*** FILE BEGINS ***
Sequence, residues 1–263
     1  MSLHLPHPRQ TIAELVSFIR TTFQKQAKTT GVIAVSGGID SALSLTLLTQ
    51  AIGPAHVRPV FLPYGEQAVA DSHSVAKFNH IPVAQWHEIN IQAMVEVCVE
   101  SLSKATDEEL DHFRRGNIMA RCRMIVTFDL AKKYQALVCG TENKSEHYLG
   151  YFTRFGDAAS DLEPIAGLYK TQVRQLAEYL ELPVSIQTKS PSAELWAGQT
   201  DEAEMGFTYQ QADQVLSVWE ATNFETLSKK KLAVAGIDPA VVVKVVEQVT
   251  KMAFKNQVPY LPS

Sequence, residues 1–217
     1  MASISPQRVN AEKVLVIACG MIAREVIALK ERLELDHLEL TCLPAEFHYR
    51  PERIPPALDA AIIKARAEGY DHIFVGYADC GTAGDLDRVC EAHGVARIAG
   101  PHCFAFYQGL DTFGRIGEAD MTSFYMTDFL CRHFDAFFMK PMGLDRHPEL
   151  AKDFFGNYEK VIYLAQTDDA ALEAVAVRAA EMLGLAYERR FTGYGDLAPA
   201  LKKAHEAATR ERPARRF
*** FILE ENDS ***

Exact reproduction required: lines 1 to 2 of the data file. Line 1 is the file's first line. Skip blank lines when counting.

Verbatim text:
Sequence, residues 1–263
     1  MSLHLPHPRQ TIAELVSFIR TTFQKQAKTT GVIAVSGGID SALSLTLLTQ